This week coincides with the anniversary of the birth of the American writer and journalist Alfred Damon Runyon.
Born in October 1884, Runyon was a highly influential columnist, sports-writer, and author of his time. He was known for his brash, bold, racy style that reflected America at the time of his writing.
Runyon was born in Manhattan to a family of newspaper-men. He grew up in Colorado and began contributing pieces to local newspapers while still at school.
He served in the Spanish-American War in 1898, after enlisting in the army at 14 years old, and then returned to journalism. He later became a war correspondent for Hearst papers during WWI, and stayed on there as a columnist after the war.
Despite specializing in sports, he was arguably most famous for his humorous stylized short stories, which through his own invented jargon, dealt wryly with the seedy side of New York City underground life that grew out of the Prohibition era (a national ban of the manufacture, transportation and sale of alcohol from 1920 to 1933).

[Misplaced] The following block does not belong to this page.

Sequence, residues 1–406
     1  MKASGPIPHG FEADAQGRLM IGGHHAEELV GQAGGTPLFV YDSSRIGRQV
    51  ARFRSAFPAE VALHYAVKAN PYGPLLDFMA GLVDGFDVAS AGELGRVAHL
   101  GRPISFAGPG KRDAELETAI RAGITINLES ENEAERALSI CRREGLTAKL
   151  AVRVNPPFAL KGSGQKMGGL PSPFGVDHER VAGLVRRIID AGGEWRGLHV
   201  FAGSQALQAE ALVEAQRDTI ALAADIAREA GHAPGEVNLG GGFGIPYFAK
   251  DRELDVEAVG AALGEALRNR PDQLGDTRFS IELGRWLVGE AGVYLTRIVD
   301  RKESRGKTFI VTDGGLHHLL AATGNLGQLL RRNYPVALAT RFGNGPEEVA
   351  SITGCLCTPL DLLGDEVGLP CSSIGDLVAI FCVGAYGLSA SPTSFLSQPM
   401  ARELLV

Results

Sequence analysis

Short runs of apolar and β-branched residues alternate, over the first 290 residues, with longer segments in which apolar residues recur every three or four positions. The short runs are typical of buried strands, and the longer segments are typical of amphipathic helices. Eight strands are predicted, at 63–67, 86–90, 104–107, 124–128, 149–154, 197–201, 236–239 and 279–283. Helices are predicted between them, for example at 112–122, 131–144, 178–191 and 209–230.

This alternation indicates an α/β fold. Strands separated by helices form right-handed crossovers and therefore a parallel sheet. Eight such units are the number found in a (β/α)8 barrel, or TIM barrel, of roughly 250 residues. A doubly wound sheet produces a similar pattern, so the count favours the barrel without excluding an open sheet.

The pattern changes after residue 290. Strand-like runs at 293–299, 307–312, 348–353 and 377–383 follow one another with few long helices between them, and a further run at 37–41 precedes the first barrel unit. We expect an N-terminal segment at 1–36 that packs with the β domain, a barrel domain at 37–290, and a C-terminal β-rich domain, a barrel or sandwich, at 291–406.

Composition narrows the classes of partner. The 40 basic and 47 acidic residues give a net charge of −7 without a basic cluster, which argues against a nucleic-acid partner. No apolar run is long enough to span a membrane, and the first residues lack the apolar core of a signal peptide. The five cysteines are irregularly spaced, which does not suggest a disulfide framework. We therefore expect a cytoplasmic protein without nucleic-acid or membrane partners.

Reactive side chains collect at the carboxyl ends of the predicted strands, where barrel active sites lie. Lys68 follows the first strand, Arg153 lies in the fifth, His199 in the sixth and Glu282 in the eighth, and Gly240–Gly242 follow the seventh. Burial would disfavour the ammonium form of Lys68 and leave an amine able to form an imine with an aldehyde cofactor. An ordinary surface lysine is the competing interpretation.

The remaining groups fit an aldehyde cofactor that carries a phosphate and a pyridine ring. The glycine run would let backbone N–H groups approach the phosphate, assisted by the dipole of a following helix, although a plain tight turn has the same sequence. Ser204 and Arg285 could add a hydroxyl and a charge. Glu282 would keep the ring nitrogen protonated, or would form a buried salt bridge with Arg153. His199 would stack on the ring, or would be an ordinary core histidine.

Described as “The Chronicler of Broadway” due to works such as Guys and Dolls (1931), Runyon introduced to the nation the lingo and characters of the New York underworld, using colourful nicknames such as “Good Time Charlie”, “Harry the Horse” and “Dave the Dude”. The musical and film Guys and Dolls (1950 and 1955 respectively) were based on his stories.
Runyon reached the height of his popularity in the 1930s, writing a newspaper feature “As I See It”. In 1940 he collaborated with Howard Lindsay, to co-write A Slight Case of Murder, which became successful on Broadway.
From 1941 he worked as a film producer, and 20 of his stories (two of which are also plays) became motion pictures during and after his lifetime.
In 1967 he died from throat cancer, leaving a huge legacy behind him. Besides the arts, his heritage includes the Damon Runyon Cancer Research Foundation set up by his friend and fellow journalist, Walter Winchell, and the annual Damon Runyon Award, which the Denver Press Club assigns to a prominent journalist.
Runyon’s success as somewhat of a “Renaissance man” of journalism is clear through his role in various aspects of publishing. His contributions to literature, theatre and film, are still enjoyed, remembered and performed to this day.